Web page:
The founder of Liberty Reserve has been sentenced to 20 years in prison for using his Costa Rica-based virtual currency business to help cyber criminals launder money, the U.S. Department of Justice reported.
Arthur Budovsky, 42, the founder of the Costa Rica-based cyber-currency operation Liberty Reserve, pleaded guilty to one charge of conspiring to run a money laundering operation, the U.S. Department of Justice announced last Friday. He faces up to 20 years in prison.
The audit comes as Costa Rica tries to maintain its improving record on financial transparency after the largest alleged money laundering operation in history – the $6 billion Liberty Reserve – was shuttered in May 2013.
Arthur Budovsky, 40, who renounced his U.S. citizenship and acquired Costa Rica nationality in an apparent bid to avoid prosecution, faces a maximum of 30 years in prison if found guilty by a U.S. district court in Manhattan.
Budovsky is accused of being the "principal founder" of the Costa Rica-based scheme, which is accused of laundering more than $6 billion for criminals between 2006 and 2013.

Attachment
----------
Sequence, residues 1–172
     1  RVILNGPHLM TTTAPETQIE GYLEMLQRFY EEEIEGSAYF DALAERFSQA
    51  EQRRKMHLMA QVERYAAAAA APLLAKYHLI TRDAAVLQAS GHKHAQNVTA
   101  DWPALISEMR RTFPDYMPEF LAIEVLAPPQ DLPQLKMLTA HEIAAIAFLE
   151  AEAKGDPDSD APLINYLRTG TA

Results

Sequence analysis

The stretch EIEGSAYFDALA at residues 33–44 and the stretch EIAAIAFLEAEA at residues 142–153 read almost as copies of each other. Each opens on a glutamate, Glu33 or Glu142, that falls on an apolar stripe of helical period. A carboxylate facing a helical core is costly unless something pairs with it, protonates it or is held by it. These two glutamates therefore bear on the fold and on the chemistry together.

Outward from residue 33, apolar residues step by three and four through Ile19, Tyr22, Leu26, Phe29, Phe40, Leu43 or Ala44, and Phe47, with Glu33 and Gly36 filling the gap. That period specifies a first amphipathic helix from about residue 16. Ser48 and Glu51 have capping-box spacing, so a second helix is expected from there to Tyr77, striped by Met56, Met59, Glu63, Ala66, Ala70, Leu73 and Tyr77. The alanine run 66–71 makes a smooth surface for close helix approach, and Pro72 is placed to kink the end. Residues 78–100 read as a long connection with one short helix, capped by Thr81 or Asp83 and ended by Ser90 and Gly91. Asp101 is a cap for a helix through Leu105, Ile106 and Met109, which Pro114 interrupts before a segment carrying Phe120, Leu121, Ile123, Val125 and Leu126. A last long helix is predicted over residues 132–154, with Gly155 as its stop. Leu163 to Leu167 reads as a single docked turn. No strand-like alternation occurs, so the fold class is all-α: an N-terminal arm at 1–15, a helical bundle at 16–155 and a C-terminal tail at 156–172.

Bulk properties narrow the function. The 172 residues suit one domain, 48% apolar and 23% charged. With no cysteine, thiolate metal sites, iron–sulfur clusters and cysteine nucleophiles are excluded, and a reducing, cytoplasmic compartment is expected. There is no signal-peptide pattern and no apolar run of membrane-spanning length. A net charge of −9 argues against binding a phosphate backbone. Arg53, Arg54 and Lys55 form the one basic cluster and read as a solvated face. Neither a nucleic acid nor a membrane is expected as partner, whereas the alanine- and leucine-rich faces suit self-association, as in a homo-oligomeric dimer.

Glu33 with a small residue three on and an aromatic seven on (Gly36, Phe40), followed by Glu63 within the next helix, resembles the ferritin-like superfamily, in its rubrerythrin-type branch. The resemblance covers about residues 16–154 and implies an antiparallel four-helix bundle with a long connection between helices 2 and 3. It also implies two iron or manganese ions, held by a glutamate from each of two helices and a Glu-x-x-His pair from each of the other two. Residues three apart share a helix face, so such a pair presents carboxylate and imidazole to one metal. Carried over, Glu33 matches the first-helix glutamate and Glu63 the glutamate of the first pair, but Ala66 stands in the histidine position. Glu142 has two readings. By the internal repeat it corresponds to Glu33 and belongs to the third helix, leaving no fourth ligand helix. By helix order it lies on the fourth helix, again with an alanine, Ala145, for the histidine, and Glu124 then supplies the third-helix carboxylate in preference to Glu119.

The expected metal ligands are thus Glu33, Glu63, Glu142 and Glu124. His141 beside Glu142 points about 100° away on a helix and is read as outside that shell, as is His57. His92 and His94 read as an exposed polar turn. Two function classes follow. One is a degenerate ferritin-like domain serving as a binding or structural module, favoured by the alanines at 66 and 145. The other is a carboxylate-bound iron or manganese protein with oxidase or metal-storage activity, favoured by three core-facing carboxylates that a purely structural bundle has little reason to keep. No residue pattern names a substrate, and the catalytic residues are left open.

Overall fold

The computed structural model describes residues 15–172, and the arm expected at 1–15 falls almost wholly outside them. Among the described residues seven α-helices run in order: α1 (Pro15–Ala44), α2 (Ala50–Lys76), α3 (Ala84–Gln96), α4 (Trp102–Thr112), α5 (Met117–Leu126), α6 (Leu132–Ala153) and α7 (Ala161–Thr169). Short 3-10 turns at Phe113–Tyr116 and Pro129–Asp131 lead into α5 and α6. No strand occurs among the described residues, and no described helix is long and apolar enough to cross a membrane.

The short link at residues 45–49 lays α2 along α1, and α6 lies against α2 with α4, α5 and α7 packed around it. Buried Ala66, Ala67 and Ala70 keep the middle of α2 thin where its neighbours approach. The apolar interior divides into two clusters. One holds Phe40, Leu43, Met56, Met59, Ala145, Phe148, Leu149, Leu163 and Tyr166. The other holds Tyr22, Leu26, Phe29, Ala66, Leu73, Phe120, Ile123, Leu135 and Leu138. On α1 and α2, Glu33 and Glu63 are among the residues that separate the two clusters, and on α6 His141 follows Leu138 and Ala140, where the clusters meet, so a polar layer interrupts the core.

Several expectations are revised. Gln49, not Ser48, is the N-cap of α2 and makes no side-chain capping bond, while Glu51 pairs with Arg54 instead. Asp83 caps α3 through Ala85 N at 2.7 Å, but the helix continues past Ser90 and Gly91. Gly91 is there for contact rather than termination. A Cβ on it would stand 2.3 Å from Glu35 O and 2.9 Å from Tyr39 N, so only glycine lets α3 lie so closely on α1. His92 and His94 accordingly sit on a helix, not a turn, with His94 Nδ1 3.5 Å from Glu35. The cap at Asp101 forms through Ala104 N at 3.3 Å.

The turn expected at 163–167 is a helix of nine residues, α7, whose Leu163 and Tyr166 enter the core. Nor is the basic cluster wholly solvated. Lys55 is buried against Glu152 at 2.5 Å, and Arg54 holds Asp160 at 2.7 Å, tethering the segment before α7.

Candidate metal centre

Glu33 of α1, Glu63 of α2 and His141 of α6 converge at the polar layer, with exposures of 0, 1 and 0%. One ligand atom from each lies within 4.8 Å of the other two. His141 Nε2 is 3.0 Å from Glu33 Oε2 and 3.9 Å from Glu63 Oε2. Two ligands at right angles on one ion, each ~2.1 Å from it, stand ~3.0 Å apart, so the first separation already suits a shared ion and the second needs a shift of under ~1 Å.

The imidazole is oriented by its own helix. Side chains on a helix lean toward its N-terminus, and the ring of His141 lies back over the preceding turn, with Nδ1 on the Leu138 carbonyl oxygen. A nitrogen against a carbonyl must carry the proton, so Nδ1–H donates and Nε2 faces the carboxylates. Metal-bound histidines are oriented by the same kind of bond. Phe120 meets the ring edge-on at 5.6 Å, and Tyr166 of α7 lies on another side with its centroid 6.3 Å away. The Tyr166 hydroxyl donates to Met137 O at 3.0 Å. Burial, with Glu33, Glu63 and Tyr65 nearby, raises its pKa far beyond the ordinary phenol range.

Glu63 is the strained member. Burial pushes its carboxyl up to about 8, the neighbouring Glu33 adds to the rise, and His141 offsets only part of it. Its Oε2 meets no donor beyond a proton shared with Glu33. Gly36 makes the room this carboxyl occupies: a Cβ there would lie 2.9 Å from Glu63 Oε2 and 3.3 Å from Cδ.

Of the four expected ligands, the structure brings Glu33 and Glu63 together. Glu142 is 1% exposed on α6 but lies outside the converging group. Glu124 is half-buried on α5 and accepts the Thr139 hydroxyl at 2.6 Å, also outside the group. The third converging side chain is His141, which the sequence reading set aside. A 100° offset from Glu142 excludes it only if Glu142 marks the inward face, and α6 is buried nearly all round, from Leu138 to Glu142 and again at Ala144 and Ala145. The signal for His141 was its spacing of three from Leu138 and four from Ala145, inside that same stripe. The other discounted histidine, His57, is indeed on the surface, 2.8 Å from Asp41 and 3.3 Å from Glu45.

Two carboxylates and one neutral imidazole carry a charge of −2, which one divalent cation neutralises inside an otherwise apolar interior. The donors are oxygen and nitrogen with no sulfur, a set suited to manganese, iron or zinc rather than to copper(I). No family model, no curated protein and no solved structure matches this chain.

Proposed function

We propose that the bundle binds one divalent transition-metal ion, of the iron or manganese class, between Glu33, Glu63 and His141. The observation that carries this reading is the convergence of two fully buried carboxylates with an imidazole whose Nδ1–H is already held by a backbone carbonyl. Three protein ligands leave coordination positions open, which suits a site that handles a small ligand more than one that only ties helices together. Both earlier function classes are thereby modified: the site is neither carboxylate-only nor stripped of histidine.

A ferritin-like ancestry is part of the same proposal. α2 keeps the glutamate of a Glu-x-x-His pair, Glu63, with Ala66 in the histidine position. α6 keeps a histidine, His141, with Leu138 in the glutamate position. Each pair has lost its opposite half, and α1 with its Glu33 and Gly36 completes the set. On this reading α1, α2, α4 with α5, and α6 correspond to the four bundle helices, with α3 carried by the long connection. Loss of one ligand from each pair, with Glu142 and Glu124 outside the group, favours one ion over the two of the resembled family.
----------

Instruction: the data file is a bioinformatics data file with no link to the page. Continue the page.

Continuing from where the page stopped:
Liberty Reserve’s Maxim Chukharev pleads guilty to operating an unlicensed money transmitting business
Sentencing is scheduled for Jan. 30, with a maximum penalty of five years in prison, a Justice Department statement said.
A key defendant in the U.S. prosecution of the defunct digital currency company Liberty Reserve pleaded guilty on Thursday to federal charges of conspiracy and operating an illegal money remitting business, Reuters and Bloomberg reported yesterday.
Updated with comments from the U.S. Embassy, the Russian ambassador and Chukarev's parents. At 11:45 a.m. Costa Rican authorities escorted a handcuffed Maxim Chukharev on to a United flight 1081 bound for Newark, New Jersey. Chukharev, 27, will face trial in the United States along with four other co-defendants for his alleged role in what's considered largest money laundering scandal in history.
Arthur Budovsky is accused of being the "principal founder" of Liberty Reserve, a Costa Rica-based digital currency service alleged by the U.S. Justice Department to have laundered more than $6 billion for criminals.
MADRID – Arthur Budovsky, founder of the electronic payment platform Liberty Reserve, in a court appearance Monday denied committing any crimes and said he would fight U.S. efforts to extradite him from Spain. Spanish prosecutors, however, appeared in favor of granting the U.S. request.